Who Was Peggy Shippen?
During the American Revolution, Peggy Shippen and her husband, Benedict Arnold, became traitors to the American colonists, sharing with the British confidential information about military strategy. Peggy was long thought to be innocent of any wrongdoing — just another victim of her husband’s deceit — but historians have become convinced that she not only committed treason with Benedict but quite possibly helped initiate the plan.
Margaret Shippen, known as Peggy, was born on July 11, 1760, in colonial Philadelphia, the youngest daughter in a wealthy family. Her father was a well-respected lawyer and judge; her mother was the daughter of a prominent lawyer. Among her ancestors were two mayors of Philadelphia. Peggy had three older sisters and an older brother. Two younger brothers died during childhood, leaving Peggy as the youngest in the family.
Marriage to Benedict Arnold
Peggy came of age during the American Revolution, in which she eventually played a significant role. An intelligent, charismatic and beautiful teen, Peggy enjoyed high society. Because of her family’s status, she met influential people, both loyalist (those who supported British rule) and rebel (those who sought American independence). Although the Shippen family tried to remain neutral during the war — Peggy’s father considered it both safer and more financially prudent — the family’s sympathies leaned toward the British.
When the British took control of Philadelphia in 1777, Peggy met John André, a charming, well-educated British officer. Their friendship became the foundation for the treason for which Peggy’s husband, Benedict Arnold, became infamous.
Peggy married Benedict, a widower with three children, on April 8, 1779. He was 38; she was 18. The match was somewhat controversial, in part because Peggy leaned loyalist, while Benedict was an officer in the Continental military; and because he had a reputation as a fiery, impatient man who stood accused of illegal business dealings.
It was a month after their marriage that Benedict embarked on his career as a traitor to the Continental army. He contacted Peggy’s friend André and offered to provide him with information that would help the British win the war. In exchange, Benedict wanted the British to pay him a large sum of money. Most recent historians believe that Peggy was at the very least complicit in her husband’s treason. More likely, they say, she played a significant role. Their evidence? She, not Benedict, was the one who had been André’s friend; and Benedict’s offer to André came just a month after he and Peggy married.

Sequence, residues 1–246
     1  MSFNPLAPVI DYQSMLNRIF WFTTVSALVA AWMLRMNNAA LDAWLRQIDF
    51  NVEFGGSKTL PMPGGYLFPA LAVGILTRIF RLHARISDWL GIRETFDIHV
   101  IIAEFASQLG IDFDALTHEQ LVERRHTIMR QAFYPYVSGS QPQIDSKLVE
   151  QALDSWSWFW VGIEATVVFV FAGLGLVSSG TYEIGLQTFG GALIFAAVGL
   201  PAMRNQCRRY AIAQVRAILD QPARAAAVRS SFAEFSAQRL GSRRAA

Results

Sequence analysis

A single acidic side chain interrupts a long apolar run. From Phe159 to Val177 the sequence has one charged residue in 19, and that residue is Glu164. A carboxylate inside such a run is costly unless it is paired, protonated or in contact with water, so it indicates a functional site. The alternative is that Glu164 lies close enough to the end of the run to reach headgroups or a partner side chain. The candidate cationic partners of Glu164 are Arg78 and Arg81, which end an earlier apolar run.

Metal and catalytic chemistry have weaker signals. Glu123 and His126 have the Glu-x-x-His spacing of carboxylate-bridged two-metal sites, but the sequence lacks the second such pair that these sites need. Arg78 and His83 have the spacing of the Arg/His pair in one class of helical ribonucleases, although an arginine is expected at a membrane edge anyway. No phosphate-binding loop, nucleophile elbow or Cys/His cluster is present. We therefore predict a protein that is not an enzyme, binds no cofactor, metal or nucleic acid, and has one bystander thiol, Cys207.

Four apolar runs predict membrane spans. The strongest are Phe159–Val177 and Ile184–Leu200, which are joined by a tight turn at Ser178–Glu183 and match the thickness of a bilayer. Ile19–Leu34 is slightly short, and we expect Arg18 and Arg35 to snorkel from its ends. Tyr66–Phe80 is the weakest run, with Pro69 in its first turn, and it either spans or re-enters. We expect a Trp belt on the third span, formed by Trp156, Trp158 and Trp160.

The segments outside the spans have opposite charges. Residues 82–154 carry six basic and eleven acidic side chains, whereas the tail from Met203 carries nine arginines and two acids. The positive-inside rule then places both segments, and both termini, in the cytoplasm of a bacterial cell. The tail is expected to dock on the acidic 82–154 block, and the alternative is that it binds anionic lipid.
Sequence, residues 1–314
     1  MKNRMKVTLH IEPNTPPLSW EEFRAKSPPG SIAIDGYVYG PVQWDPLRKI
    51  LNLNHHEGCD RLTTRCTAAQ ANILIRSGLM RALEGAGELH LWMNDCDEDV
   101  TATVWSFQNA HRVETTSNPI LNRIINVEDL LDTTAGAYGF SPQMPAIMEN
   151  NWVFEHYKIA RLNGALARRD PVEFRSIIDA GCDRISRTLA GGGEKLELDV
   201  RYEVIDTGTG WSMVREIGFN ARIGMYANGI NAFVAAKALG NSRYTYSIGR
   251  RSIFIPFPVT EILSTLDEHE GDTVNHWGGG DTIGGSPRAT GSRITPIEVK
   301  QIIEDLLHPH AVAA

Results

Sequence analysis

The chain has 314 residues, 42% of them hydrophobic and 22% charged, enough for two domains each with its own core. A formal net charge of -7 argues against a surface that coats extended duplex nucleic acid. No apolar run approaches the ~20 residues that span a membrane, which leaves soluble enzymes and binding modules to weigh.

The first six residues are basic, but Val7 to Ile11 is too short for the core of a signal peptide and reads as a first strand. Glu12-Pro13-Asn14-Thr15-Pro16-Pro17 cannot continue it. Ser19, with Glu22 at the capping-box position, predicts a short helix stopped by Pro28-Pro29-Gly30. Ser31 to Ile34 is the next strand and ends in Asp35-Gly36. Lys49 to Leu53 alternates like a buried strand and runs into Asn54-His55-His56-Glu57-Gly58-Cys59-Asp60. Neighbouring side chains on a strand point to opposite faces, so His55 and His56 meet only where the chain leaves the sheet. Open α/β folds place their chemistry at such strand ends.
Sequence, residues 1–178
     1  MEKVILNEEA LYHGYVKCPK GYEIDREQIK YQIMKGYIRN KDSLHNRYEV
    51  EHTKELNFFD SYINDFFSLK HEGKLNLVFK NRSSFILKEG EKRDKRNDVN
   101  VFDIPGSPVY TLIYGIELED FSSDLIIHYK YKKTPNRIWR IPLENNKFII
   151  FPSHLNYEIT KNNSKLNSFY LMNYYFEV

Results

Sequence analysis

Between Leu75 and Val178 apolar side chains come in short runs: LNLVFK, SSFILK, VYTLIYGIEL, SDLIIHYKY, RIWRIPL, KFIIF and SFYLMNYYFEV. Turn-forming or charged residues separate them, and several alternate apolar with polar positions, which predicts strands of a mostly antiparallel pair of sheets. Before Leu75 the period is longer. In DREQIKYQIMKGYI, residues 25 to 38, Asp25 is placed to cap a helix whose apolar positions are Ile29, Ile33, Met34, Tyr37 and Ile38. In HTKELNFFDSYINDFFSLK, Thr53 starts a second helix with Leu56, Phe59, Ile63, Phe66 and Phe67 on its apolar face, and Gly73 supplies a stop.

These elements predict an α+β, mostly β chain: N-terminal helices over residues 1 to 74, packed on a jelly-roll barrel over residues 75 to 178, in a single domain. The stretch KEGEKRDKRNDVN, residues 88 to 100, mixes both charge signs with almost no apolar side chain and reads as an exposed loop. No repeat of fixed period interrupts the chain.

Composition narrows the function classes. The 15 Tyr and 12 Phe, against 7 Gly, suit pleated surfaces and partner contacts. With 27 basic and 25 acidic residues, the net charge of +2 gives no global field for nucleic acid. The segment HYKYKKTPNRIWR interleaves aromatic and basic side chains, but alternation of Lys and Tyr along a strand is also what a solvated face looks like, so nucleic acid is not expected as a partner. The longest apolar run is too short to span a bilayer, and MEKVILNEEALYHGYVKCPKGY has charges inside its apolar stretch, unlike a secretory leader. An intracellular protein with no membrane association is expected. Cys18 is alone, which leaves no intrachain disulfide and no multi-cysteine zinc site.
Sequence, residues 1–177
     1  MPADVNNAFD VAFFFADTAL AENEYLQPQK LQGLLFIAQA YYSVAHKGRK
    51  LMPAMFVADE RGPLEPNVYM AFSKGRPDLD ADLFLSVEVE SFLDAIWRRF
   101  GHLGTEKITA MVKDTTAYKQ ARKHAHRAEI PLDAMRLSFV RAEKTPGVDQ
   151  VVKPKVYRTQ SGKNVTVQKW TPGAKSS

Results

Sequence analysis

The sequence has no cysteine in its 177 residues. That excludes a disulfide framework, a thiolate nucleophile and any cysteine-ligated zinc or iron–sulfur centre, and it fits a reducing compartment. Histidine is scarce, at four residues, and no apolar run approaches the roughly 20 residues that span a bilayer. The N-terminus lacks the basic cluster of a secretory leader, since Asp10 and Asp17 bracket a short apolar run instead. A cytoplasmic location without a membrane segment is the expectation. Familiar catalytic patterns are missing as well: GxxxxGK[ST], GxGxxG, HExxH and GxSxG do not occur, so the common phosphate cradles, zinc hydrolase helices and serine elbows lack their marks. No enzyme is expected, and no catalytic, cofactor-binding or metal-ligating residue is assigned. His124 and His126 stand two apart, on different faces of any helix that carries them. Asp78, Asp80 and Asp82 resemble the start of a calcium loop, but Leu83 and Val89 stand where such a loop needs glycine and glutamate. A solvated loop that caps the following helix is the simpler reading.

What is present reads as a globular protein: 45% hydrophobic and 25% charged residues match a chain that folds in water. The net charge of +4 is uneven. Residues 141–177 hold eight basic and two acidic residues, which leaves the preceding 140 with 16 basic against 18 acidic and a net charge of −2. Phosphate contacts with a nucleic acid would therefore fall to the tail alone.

Through André, Benedict provided information to the British that he — and they — believed would win the war. Benedict had become commander of West Point, a strategic fort on the Hudson River. He passed along news of how many troops were stationed at the fort and when defenses might be weakest. He also did his best to undermine the Americans’ hold on the fort by failing to make needed improvements, using up supplies and sending troops on unnecessary missions. But when André was captured (and executed), Benedict’s treason was uncovered. He fled to New York, which was held by the British, leaving Peggy at their West Point home to face colonial military leaders, including George Washington, by herself.
Aftermath and Death
Peggy’s response was to have what appeared to be a breakdown. Twenty years old and mother of a six-month-old baby, she screamed incoherently and insisted that her husband was gone forever and that someone was trying to kill her baby. Washington and other prominent American leaders sympathized, thinking she was as much a victim of Benedict’s treachery as they themselves were.
Soon after her husband’s defection, Peggy went to live with her family in Philadelphia, but was soon banned from the city. In 1780, she joined Benedict in New York, where she gave birth to their second child on August 28, 1781. In December 1781, they left for London.
In the years before his death in 1801, Benedict traveled to various outposts, including Canada and Guadeloupe in the Caribbean, always trying to make money. Peggy devoted herself to her children — four sons and a daughter — scrambling to ensure their financial well-being before she died of cancer on August 24, 1804. She was 44 years old.
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